Pinhole photography encourages students to get creative and experimental with their art.
“My role at times was to remind students that this was all about experimentation and not about perfection,” explains Sarah Knobel, assistant professor of art and art history, about revisiting analog photographic techniques in her summer semester Pinhole Cameras & Alternative Processes course.
Students used the cameras they built themselves—using cardboard boxes, tape, and aluminum foil—to create a small aperture to allow for exposure of chemically treated paper housed in the chamber of the box. Knobel encouraged students to pick unconventional objects to create cameras. Some of the unique results included a 32-pinhole lens camera used to make self-portraits; a 360-view multi-lens camera, and a floss container repurposed as a pinhole camera held in the student’s mouth during the exposure.
“For this class, it was impossible to know how images would turn out,” says Knobel, who provided a rough outline on day one, with a disclaimer to be prepared for surprises. Due to the high probability of minor miscalculations, weather reliance, and the chemical process involved in developing the negatives and making of final cyanotype prints, the class underwent a series of trial and error. “A range of emotions occurred in the class, from frustration with the process to joy when a student got exciting results,” says Knobel.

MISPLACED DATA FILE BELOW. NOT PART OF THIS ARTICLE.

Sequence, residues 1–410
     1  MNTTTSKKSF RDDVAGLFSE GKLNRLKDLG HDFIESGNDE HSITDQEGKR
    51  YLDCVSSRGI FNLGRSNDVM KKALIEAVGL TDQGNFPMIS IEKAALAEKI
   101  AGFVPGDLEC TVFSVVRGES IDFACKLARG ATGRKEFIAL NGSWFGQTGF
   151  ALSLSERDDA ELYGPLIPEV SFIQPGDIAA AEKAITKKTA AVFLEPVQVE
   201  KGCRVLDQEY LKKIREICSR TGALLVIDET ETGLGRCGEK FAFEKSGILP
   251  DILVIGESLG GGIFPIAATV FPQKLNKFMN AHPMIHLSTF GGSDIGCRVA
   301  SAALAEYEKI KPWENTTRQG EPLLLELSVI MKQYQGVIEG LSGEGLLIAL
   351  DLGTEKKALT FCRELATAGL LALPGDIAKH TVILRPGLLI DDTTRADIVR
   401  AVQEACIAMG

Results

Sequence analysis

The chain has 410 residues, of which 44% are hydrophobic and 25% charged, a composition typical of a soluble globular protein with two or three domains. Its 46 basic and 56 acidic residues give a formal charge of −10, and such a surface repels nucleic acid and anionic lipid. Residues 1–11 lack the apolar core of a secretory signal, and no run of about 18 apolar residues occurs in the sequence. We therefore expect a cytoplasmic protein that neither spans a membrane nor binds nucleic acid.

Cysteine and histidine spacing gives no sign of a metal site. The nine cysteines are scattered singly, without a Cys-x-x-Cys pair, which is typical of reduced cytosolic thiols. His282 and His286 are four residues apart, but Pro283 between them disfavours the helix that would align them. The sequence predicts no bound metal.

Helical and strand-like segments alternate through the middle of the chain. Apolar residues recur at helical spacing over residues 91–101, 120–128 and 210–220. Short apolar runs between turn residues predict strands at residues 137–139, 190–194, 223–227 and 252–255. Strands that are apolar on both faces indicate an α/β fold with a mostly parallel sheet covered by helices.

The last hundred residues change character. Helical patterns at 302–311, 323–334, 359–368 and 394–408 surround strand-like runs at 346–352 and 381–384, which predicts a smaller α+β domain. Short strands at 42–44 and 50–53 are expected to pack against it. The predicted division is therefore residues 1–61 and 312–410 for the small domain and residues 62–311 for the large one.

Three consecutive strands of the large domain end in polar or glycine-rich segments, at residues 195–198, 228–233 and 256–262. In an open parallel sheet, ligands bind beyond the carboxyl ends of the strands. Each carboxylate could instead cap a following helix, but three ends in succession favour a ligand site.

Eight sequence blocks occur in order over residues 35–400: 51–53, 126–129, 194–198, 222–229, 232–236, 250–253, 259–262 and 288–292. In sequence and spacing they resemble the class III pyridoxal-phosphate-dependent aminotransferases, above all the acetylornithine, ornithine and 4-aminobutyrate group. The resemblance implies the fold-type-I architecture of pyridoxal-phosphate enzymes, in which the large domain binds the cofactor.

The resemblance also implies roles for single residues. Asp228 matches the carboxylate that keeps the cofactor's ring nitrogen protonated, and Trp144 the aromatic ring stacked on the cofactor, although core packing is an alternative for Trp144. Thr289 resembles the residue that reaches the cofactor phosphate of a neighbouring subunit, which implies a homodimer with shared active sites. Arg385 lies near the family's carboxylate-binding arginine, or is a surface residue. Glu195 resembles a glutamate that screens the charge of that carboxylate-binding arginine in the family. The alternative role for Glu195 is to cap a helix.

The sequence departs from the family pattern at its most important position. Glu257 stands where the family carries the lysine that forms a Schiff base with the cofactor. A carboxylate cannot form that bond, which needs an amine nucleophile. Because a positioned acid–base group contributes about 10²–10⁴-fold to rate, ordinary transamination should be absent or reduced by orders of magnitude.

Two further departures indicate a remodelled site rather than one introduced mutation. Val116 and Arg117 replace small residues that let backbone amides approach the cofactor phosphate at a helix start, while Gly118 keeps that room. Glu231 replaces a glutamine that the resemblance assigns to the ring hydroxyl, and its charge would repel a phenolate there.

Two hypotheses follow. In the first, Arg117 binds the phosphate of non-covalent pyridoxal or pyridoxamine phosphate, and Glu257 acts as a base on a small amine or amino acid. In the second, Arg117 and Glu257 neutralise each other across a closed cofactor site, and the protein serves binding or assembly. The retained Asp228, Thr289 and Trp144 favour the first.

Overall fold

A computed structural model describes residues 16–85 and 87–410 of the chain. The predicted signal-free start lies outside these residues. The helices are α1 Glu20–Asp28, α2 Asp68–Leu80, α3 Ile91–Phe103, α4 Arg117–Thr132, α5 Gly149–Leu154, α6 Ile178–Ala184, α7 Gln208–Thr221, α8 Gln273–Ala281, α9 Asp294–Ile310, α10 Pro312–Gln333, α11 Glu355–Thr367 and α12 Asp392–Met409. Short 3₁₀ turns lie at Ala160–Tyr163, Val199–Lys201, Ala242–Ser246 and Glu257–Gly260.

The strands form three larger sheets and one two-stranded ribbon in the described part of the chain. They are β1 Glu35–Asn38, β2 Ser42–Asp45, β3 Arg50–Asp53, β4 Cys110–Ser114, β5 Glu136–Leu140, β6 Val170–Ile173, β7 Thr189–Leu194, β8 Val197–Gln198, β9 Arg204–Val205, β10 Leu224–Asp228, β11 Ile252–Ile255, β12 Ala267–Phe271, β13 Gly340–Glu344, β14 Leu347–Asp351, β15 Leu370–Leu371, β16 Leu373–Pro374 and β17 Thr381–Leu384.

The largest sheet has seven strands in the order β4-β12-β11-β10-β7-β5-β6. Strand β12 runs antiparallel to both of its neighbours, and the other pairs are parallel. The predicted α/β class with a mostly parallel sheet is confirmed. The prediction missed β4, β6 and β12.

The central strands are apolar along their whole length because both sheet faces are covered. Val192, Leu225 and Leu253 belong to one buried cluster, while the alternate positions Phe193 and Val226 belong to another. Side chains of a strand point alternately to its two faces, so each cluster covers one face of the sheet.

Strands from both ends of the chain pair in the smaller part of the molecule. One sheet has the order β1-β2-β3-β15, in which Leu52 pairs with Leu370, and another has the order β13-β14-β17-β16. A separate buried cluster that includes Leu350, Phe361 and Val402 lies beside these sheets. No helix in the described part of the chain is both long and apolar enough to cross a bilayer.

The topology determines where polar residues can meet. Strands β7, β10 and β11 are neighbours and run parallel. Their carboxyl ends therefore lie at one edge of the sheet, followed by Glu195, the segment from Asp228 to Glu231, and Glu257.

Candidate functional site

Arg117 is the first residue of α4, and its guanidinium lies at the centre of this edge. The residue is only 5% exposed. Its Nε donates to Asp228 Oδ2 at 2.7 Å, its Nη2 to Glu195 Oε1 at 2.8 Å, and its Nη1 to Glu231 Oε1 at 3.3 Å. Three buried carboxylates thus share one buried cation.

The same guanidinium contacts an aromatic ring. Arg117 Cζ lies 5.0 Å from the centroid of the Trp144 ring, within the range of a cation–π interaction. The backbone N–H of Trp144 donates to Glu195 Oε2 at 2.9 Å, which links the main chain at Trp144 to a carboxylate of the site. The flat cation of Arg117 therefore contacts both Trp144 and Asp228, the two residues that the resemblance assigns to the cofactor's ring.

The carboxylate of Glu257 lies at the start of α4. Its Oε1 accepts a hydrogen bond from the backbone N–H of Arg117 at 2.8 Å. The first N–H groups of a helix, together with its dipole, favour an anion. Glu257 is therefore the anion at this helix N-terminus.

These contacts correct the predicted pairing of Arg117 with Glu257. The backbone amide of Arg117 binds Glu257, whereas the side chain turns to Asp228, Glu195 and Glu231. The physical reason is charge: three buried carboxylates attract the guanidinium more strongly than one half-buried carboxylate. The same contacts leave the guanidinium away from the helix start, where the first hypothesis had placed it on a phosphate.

“It was also very stuffy and claustrophobic,” adds Knobel, who described the portable dark room her husband helped her construct to allow the class to travel, load their cameras and develop their negatives on location. Although it was intended to be convenient, Knobel says, with all 12 students trying to use the darkroom for loading and development, the process was much slower than expected.
Knobel had to adapt to these situations and continue her role as pioneer and cheerleader for the rest of the class. These challenges were often time-consuming. Exposure times could be as long as three hours due to stormy skies and limited daylight. Knobel encouraged students to embrace these unexpected challenges as lessons on the patience involved in experimentation. They were also a departure from the instantaneous results of image-making students are accustomed to using the ubiquitous technology they carry in their back pockets.
“We can easily portray perfection with digital imagery,” says Knobel. “Seeing the final image results was surreal; the long exposures show the overlapping traces of time. The visuals produced become art, but also speak to physics, basic technology, chemistry, and philosophy. It was wonderful to witness students realizing that imperfection in their images was also quite beautiful.”
Top: Picnic table image by Thermidor D. Pierre ’22; Downtown Potsdam image by Lindsay Lukehart ’23; Multi-image camera and self-portrait by Laila Bouqentar ’24